Class 4 § 119 suggested analysis.pdf

Class 4 § 119 suggested analysis.pdf - SECTION V 119 MEALS...

Info icon This preview shows pages 1–3. Sign up to view the full content.

SECTION V § 119: MEALS AND LODGING SUGGESTED ANALYSIS 1. Sydney is employed by Condo Corp. to supervise the operations of one of their large condominium complexes in Beverly Hills. Sydney is on call 24 hours a day, Tuesday through Saturday. As a condition of employment, Sydney and his family are required to live in one of the condominiums at the site. What are the tax consequences to Sydney if the rental value of the condominium is $24,000 a year but Sydney is not required to pay anything? His annual salary from Condo Corp is $100,000. Meals and lodging furnished by an employer to an employee are additional compensation to the employee under the broad sweep of §61. Treas. Reg. § 1.61-2(d)(3). However, under § 119, the income will be excluded if the employer has a substantial noncompensatory reason for providing the meals or lodging. Section 119 specifically excludes the value of meals and lodging furnished to an employee if they are: 1) provided by an employer to an employee; 2) offered “for the convenience of the employer;” 3) furnished “on the business premises of the employer,” and 4) in the case of lodging, the lodging is required to be accepted by the employee “as a condition of employment.” In one of the great understatements, the Supreme Court in Commissioner v. Kowalski states: “The convenience of the employer doctrine is not a tidy one.” Whether something is furnished for the convenience of the employer is a question of fact. Treas. Reg. §§ 1.119-1(a)(1), (b). The test is generally whether or not the employee could properly carry out his duties if the lodging or meals were not supplied. Here Sydney is on call 24 hours a day. This is one of the situations that Treas. Reg. § 1.119-1(b) lists as an example of the convenience of the employer The “on the business premises” test has its own levels of complexity. In Anderson , taxpayer was the manager of a motel. For a while taxpayer, his wife and 3 kids lived at the motel. The employer was convinced Anderson needed something larger, so the employer bought a house “two short blocks” from the hotel for Anderson to live in. The court held that being two short blocks away was not “on” the premises.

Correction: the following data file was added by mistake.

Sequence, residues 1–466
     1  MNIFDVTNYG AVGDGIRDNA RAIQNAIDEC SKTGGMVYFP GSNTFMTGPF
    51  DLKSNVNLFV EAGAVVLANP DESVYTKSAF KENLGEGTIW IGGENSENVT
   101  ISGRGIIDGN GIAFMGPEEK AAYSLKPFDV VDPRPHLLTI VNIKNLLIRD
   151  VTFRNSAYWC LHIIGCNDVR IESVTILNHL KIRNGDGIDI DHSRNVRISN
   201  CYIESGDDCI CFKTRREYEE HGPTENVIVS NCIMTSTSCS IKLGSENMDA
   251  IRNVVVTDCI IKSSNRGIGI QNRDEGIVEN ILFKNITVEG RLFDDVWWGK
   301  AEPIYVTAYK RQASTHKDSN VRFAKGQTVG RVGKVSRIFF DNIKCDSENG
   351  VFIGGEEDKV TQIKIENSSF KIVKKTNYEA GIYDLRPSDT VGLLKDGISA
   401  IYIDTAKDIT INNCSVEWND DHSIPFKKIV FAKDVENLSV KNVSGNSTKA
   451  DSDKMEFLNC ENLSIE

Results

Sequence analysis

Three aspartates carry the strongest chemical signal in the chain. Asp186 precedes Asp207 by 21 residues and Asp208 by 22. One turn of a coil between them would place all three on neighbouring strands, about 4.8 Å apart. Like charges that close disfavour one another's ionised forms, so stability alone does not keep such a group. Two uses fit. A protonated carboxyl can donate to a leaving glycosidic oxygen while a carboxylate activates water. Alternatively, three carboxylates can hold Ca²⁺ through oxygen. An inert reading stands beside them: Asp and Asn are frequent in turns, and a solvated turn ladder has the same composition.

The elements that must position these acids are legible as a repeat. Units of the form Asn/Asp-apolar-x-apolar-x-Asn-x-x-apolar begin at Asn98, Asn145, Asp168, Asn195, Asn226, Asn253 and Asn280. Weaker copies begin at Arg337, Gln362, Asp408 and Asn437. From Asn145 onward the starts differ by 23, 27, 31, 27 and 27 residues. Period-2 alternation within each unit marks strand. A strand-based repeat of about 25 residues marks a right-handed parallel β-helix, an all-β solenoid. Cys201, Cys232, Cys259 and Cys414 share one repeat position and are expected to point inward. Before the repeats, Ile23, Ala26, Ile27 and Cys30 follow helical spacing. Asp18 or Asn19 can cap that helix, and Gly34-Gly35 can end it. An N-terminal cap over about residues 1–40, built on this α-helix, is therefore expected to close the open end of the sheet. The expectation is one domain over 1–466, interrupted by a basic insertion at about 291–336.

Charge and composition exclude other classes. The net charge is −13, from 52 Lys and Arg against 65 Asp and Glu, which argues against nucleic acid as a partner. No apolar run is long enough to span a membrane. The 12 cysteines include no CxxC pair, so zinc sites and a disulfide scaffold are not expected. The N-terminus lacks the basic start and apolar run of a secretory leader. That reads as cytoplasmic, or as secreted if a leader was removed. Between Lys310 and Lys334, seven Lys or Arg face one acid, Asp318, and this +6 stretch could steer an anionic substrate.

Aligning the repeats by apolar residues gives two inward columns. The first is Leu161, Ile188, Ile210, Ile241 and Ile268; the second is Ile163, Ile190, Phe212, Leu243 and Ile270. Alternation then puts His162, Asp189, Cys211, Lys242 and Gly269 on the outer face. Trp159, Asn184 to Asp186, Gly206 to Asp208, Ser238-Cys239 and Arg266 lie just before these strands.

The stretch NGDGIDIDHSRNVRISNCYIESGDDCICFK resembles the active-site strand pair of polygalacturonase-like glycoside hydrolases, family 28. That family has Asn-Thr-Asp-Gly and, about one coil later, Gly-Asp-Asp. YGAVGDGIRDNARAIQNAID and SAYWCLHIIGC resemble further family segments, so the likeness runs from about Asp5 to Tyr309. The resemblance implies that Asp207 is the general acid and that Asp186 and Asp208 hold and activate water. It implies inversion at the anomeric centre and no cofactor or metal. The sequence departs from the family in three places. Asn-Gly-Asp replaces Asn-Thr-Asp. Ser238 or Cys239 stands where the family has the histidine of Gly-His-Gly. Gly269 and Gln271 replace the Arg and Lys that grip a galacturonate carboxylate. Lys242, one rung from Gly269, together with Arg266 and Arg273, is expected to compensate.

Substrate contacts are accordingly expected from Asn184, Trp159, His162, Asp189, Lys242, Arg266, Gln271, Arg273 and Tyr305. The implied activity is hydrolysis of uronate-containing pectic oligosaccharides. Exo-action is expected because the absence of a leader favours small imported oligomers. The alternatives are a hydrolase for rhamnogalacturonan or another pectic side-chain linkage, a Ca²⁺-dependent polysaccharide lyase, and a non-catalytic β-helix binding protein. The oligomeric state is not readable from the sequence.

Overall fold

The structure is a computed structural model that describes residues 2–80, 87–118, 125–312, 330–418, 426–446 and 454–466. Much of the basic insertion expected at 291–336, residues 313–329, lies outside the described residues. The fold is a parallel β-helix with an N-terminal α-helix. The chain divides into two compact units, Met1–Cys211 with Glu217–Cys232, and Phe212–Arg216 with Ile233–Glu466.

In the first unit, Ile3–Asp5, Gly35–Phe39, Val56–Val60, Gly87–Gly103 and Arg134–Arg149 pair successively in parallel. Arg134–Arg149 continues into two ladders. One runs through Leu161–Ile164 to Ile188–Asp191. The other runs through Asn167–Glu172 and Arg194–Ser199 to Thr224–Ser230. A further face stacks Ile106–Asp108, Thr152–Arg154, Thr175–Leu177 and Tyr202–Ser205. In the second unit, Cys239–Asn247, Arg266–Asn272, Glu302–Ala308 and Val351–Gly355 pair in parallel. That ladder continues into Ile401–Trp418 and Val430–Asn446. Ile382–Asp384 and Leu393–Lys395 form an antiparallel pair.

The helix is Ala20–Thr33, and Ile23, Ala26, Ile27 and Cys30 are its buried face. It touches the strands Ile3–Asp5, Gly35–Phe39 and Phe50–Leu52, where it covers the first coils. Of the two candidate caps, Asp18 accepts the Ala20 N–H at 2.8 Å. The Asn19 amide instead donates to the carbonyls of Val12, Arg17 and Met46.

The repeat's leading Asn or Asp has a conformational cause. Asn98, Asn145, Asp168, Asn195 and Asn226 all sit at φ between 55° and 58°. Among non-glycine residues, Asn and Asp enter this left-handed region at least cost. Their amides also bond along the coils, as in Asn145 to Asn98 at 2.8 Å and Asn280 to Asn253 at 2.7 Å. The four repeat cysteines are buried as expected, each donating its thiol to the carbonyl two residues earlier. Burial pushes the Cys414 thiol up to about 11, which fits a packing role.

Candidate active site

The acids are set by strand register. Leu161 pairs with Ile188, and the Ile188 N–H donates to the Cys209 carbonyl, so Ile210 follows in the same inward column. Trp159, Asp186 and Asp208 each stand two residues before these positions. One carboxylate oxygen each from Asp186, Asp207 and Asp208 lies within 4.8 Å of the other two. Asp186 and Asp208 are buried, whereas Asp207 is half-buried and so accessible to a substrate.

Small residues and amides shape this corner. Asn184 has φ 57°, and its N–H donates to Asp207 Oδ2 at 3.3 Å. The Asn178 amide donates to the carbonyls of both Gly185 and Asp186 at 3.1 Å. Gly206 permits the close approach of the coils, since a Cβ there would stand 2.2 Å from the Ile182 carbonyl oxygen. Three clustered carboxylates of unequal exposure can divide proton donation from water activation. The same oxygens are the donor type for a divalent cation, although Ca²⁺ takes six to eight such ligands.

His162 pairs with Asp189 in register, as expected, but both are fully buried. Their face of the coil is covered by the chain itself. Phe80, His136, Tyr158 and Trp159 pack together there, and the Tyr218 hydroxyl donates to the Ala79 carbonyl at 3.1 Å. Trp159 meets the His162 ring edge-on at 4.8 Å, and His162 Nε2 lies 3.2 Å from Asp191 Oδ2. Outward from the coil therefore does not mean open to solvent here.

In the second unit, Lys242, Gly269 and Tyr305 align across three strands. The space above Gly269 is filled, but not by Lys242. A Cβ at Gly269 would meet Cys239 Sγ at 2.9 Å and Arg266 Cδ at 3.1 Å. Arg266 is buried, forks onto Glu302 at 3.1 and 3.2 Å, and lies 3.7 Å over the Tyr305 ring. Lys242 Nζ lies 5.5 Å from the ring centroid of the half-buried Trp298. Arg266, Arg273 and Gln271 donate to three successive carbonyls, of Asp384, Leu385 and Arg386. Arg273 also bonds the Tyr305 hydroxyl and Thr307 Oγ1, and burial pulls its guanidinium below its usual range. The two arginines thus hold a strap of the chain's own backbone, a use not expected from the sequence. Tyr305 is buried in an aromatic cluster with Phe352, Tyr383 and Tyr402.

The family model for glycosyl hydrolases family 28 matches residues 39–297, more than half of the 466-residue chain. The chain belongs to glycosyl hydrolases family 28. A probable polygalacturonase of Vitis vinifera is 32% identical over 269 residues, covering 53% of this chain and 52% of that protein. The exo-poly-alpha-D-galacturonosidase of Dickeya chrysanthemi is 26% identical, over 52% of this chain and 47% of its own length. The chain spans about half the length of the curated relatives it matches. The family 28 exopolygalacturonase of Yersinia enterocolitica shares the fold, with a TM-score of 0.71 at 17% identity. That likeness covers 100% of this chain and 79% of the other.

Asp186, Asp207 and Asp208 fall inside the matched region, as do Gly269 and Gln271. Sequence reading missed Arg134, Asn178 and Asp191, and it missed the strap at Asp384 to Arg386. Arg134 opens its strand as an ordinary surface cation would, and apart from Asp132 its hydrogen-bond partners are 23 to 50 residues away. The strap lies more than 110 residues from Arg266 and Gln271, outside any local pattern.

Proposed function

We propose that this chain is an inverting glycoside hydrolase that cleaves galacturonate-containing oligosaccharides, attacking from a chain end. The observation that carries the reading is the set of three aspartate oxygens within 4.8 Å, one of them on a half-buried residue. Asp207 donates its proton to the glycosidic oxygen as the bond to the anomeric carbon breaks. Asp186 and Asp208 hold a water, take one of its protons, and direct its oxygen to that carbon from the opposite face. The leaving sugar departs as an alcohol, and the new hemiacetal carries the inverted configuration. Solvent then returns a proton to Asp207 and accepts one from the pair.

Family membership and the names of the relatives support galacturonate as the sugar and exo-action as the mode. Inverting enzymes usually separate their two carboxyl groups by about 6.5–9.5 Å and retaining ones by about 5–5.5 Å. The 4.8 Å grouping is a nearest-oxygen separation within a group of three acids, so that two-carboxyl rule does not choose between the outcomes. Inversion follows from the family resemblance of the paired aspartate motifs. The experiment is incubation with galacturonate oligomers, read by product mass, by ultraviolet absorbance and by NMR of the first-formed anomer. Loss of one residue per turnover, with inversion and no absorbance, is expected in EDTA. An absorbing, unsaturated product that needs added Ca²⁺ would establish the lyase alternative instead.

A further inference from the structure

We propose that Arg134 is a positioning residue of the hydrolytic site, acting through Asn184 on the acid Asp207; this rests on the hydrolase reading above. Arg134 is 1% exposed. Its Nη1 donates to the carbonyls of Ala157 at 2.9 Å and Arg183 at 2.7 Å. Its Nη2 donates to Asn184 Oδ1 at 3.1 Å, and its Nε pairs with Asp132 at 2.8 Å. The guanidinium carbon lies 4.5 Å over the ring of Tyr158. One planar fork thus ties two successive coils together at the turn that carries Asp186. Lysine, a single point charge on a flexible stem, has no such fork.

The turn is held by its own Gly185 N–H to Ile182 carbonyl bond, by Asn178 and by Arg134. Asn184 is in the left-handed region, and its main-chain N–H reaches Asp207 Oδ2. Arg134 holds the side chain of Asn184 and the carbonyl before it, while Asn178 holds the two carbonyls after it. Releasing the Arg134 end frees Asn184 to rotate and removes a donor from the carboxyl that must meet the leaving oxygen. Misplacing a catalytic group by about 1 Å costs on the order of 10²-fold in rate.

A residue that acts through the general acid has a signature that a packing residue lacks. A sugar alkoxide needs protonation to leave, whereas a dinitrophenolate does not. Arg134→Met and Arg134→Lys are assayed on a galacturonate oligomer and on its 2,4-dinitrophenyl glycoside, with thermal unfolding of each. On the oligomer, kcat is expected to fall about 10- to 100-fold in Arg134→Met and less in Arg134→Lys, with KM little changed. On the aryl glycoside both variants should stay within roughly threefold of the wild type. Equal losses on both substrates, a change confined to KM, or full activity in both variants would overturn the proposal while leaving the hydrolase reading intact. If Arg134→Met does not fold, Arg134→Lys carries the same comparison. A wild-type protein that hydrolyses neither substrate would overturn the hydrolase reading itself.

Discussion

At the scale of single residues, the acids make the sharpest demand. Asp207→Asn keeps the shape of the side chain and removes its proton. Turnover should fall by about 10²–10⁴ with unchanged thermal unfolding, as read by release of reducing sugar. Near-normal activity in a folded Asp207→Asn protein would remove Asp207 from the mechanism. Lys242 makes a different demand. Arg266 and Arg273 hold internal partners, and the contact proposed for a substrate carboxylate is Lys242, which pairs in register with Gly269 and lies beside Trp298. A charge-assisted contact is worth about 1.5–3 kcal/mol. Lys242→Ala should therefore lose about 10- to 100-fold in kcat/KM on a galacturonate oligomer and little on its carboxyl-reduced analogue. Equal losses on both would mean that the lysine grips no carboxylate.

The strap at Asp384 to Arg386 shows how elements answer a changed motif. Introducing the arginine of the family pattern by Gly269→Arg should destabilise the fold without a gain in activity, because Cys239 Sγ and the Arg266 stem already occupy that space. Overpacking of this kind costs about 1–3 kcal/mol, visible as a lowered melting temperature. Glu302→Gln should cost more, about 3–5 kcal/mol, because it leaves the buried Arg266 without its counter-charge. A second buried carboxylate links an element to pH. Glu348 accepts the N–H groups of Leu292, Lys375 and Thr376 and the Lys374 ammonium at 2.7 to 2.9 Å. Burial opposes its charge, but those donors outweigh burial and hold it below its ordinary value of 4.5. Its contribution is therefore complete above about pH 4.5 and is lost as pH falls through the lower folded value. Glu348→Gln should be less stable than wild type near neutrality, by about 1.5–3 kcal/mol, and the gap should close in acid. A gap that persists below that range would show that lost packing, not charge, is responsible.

Image of page 1

Info icon This preview has intentionally blurred sections. Sign up to view the full version.

In Lindeman , taxpayer was the manager of a hotel. The hotel also owned land across the street from the hotel which it used for overflow parking. Taxpayer originally lived at the hotel itself but then moved to a house on the land across the street. The court held that the house was on the business premises on two grounds: First it determined that since the lot was contiguous to the hotel and used by the hotel, it was part of the hotel’s premises even though across the street. Second, and perhaps more importantly, the court held that Lindeman performed significant duties from the home which turned the home into part of the business premises.
Image of page 2
Image of page 3
This is the end of the preview. Sign up to access the rest of the document.
  • Fall '10
  • West
  • Macroeconomics, Supreme Court of the United States, Condominium, Apartment, employer

{[ snackBarMessage ]}

What students are saying

  • Left Quote Icon

    As a current student on this bumpy collegiate pathway, I stumbled upon Course Hero, where I can find study resources for nearly all my courses, get online help from tutors 24/7, and even share my old projects, papers, and lecture notes with other students.

    Student Picture

    Kiran Temple University Fox School of Business ‘17, Course Hero Intern

  • Left Quote Icon

    I cannot even describe how much Course Hero helped me this summer. It’s truly become something I can always rely on and help me. In the end, I was not only able to survive summer classes, but I was able to thrive thanks to Course Hero.

    Student Picture

    Dana University of Pennsylvania ‘17, Course Hero Intern

  • Left Quote Icon

    The ability to access any university’s resources through Course Hero proved invaluable in my case. I was behind on Tulane coursework and actually used UCLA’s materials to help me move forward and get everything together on time.

    Student Picture

    Jill Tulane University ‘16, Course Hero Intern